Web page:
Do you have a favorite place to get books that's affordable? Our library isn't worth the hassle of going to anymore, but we've been so dependent on it lol. I thought maybe thrift stores?

    1. All-of-a-Kind Family has been on our TBR list for quite some time. How are you liking it?

      I buy most of my books at the annual library used book sale, thrift shops, and used book shops. However, we use the library a lot. I rarely ever go in anymore, even pre-Covid. I request books online and pick them up when they're all gathered by the librarians. If the library doesn't have a book I'm looking for, I put in a "request to purchase." For the most part, all my requests get purchased and added to the library shelves.

    2. We are loving All-Of-A-Kind Family. We are almost done with the first book and we just started it last week. I highly recommend it! It is somewhat reminiscent of Little House and Little Britches in some ways. I have two girls though, so we may be looking it more because of the little girl aspect. :)
      That's kind of what I've been doing but they have it heavily restricted even to just pick up holds and it just isn't worth it anymore. :( I'll have to hit up all the bookstores around. My favorite one I know of is closing down though and that is very sad.

  2. Our current read aloud is The Key to the Indian, the fifth and final book in the Indian in the Cupboard series. I really enjoyed the first two books, thought the 3rd was ok, didn't care for Book 4, jury's still out on book 5; but my 5th grader thinks it might be the best.

    Her independent book for me is The Borrowers. On her own, she just finished rereading the Percy Jackson & The Olympians series and is reading The Sword of Kuromori series. I've been reading The Opposite of Spoiled and The Sword of Kuromori series (I'm prereading for dd, but she's quickly gaining on me, so I need to read faster, lol!) While she waits for me to read farther, she plans to start The Dragon with the Chocolate Heart, which was one of her favorites that I read aloud last year.

    1. My middle son read the Percy Jackson series this past summer and really enjoyed it. I think you're the first person who's ever told me they've read through the entire Indian in the Cupboard series. My daughter loved it and made it through most of the books, but not all.

  3. I just finished and thoroughly enjoyed Ben Carson's Gifted Hands. It will be required reading for each of my kids when they are in high school. For our family read aloud, we just finished Man of the Family (#2 in the Little Britches series) and are waiting for the next to come in at the library. My 5th grade son is reading the last Alex Rider book, my 3rd grade son is reading one of the Wings of Fire books, and my 1st grade daughter is reading lots of leveled readers.
    Good to know the Percy Jackson series is okay content-wise. I know Rick Riordan has some questionable content in at least one of his newer YA books.

    1. The first series of his with the lighting thief is fine. The second one that goes into the heroes of olympus I think is where it gets real sketchy real fast. :/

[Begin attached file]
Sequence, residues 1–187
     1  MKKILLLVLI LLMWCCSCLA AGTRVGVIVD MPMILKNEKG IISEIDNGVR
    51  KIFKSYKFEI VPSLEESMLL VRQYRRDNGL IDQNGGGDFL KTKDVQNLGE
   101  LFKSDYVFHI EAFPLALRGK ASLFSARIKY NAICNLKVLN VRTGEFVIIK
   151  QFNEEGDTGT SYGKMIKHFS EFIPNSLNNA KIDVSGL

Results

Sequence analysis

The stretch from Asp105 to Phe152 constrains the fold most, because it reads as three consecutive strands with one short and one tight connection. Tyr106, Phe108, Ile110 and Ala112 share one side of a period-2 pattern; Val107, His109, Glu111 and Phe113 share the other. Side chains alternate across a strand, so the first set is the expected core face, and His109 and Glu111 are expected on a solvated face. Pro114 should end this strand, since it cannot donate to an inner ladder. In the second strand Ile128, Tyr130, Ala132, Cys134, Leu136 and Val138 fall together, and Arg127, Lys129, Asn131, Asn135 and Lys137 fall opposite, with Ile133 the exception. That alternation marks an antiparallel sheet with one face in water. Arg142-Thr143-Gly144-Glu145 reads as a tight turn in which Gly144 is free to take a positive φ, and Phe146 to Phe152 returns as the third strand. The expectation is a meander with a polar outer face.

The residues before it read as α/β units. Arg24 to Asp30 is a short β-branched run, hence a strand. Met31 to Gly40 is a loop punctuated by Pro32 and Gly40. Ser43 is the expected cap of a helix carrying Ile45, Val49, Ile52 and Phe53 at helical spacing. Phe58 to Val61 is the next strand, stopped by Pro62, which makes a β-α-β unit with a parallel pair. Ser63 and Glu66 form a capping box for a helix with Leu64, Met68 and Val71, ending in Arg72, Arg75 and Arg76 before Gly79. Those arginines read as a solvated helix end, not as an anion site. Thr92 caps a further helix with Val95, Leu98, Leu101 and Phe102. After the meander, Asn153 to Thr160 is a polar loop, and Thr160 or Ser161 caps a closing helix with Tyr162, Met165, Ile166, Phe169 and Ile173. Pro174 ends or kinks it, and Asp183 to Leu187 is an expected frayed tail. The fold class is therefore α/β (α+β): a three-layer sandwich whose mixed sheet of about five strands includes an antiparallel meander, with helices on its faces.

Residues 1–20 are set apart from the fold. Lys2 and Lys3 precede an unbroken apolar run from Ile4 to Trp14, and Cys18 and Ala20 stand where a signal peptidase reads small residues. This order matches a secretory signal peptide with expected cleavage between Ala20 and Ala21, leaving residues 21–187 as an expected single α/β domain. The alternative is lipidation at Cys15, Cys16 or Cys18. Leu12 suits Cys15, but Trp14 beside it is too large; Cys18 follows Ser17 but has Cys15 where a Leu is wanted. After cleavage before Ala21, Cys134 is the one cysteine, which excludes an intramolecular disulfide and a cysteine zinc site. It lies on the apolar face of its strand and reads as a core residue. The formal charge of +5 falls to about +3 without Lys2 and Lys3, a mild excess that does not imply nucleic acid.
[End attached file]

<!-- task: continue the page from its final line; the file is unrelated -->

The Little Britches series is a favorite in our house! Three third one we LOVED.

  4. Wow, I just found this website and am so excited to see your book discussion! My family LOVES Little Britches and the two books that follow it. I can't get my kids sold on the rest of the series, though. They don't think much good can happen after Ralph's family leaves the ranch!
    Right now we are reading Hittite Warrior by Joanne Williamson aloud. We will follow it up with The Golden Goblet by Eloise Jarvis McGraw. Since I have two studying ancient history this year, these wonderful adventures are a perfect fit.

    1. Those sound like great books to add to an ancients study. We've not read any of the Little Britches books, but they are on our TBR list. Glad to know others like them!

  5. The month is half-over, but here is what we have going around here.

    Read aloud - A week or so ago we finished The Pushcart War. Thanks so much for the recommendation! We all thought it was hilarious!!! Due to our busy schedule, we have yet to pick out our next read aloud.

    Senior daughter - In her free time, she is continuing her way through the Baxter Family series by Karen Kingsbury. It is a long series! :) I think she is on Take Four right now and LOVING them all!

    8th grade son - For school he is reading The Warrior by Francine Rivers. It is Biblical fiction about the life of Caleb. For fun he is reading two things - finishing the Green Ember series again as well as reading The Hobbit again. He has his eyes set on starting The Lord of the Rings series soon. He has never read those.

    2nd grade son: For fun he just finished the Henry series by Beverly Cleary. Not he has started in on the I Survived book from the Revolutionary War (which we just talked about in history). :)

    I have been reading the series by Karen Kingsbury about 9/11. The first two were really good. I am having a little bit of a harder time getting into the third one. That is probably good because the second one kept me from wanting to do other things I needed to be doing. :) LOL!

    1. I started the Baxter series a few months ago not realizing that I was starting in the middle of the series. I kept thinking to myself, "It seems like there's more backstory here." I finally googled and found out that it was like the fourth or fifth book. It made reading the book a bit of a drain, unfortunately.

  6. Carry On, Mr. Bowditch- This biographical fiction recounts the true story of Nathaniel Bowditch who overcame a lifetime of hardships to become the father of modern maritime navigation. To be honest, nothing about this book has ever appealed to me, but my oldest three boys seem to love it.